Mexico May Become More Open to Foreign Buyers

July 10, 2013

Mexican lawmakers are considering lifting restrictions on foreign ownership of property along the country's coasts and borders, The Wall Street Journal reports. The move could boost residential real estate development in Mexico’s vacation-home market, housing experts note. 

Currently, Mexico prohibits ownership of land within 31 miles of its coast or international borders. The century-old restrictions were put in place in 1917 out of fears of U.S. expansion. 

In order to buy currently in restricted zones -- which include many popular beach resorts -- foreigners must undergo what’s often considered a complicated process of applying for special land trusts, which encompass partnering with banks to gain property rights for 50-year terms that can be renewed. 

Mexican legislators are now considering a proposed constitutional amendment to remove prohibition of foreigners buying residential properties along the coast and its borders.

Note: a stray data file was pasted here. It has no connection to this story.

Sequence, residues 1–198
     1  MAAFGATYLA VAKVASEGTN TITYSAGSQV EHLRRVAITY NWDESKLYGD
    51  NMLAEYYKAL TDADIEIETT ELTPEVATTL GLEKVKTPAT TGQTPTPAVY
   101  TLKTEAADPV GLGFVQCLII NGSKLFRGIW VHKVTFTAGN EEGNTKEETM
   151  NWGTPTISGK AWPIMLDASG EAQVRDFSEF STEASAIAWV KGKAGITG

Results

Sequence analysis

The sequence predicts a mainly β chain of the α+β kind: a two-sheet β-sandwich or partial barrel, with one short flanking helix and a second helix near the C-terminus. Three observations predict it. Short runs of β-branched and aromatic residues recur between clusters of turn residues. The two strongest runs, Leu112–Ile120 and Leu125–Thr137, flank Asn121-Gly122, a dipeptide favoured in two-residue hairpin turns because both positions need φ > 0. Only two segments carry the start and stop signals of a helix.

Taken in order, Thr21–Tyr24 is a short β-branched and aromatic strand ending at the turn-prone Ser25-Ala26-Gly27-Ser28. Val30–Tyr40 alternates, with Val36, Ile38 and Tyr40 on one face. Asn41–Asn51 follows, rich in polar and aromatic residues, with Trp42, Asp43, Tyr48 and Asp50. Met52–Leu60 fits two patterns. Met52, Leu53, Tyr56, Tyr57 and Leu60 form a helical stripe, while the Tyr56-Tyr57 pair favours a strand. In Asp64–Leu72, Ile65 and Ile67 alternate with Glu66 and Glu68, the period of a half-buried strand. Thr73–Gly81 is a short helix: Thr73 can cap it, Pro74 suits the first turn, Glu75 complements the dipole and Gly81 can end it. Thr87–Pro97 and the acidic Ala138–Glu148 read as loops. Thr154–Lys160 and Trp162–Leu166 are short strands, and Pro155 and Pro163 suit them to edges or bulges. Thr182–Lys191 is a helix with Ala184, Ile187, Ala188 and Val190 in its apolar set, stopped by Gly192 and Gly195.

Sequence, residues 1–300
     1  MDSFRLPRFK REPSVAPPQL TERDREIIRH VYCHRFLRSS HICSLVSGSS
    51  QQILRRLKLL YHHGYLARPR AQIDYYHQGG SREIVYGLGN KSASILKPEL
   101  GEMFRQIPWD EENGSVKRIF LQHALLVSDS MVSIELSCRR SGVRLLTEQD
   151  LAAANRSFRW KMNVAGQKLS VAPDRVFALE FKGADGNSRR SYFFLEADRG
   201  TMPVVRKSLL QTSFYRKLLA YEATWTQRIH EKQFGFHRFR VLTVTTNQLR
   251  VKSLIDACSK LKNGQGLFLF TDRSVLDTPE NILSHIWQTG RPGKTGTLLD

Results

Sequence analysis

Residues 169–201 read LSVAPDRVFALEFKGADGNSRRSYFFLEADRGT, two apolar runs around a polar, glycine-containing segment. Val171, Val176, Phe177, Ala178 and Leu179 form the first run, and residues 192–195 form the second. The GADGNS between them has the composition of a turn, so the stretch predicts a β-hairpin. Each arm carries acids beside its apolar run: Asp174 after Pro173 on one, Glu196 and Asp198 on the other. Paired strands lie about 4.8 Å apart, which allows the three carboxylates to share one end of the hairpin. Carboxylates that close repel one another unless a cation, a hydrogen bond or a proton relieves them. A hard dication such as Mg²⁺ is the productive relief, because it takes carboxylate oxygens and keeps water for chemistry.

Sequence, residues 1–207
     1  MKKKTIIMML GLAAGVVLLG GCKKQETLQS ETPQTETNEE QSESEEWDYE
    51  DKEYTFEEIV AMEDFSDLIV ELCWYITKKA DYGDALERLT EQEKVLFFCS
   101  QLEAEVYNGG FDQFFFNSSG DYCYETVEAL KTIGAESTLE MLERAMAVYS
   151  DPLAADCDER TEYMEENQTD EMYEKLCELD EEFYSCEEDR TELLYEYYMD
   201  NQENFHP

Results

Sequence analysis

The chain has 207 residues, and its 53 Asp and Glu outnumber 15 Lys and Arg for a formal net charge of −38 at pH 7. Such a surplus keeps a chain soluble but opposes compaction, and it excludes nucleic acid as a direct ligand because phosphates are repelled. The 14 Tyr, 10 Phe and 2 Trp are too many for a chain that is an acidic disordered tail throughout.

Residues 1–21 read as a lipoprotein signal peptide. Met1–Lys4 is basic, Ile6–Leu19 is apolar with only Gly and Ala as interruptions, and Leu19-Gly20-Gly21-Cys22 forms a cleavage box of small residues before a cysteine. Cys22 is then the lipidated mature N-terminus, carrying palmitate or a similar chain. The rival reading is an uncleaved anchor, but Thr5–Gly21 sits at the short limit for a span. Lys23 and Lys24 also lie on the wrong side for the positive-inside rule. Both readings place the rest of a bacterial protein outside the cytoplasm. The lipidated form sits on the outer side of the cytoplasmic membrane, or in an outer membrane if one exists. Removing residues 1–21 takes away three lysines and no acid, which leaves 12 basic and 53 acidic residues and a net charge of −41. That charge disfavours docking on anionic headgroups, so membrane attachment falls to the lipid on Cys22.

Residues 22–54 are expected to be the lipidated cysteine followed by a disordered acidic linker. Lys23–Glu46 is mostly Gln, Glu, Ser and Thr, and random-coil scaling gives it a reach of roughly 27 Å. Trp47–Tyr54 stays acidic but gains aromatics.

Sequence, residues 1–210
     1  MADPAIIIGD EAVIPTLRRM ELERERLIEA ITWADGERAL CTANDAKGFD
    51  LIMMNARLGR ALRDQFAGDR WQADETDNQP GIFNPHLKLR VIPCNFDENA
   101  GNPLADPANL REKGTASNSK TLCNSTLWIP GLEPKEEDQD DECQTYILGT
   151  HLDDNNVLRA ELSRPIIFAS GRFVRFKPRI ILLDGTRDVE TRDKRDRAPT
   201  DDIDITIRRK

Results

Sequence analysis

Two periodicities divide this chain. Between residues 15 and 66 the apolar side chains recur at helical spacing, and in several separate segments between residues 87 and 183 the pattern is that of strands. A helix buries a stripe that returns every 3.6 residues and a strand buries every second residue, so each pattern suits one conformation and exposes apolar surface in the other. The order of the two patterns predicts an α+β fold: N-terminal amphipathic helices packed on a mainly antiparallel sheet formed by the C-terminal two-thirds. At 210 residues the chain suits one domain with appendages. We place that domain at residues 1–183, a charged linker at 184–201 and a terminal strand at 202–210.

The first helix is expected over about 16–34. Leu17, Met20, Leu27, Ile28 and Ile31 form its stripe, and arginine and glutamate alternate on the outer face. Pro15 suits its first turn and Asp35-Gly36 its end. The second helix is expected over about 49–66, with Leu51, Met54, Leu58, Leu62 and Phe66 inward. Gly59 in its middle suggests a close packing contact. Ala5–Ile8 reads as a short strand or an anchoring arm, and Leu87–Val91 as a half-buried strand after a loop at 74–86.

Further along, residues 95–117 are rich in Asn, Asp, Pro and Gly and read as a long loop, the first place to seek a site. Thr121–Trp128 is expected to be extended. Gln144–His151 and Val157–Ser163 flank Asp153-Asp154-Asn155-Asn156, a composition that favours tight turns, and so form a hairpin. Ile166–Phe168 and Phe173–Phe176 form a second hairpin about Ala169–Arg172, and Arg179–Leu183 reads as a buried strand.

"It's no time to be concerned about an invasion by the shorelines," says Miguel Angel Lemus, president of Lemmus Inver Mexico Real Estate, a development and marketing firm. "It's time to make money by the shorelines. We're going to have a boom with that."

The country has long been attractive to foreigners -- particularly those from the United States and Canada -- to purchase vacation or second homes due to the weaker Mexican peso compared with the U.S. dollar, notes Salvador Romero Dominguez, a commercial director for Fonatur, a government agency that constructs a lot of the nation’s resort infrastructures. 

Source: “Mexico Weighs Opening Up Wider to Foreign Property Buyers,” The Wall Street Journal (July 9, 2013)

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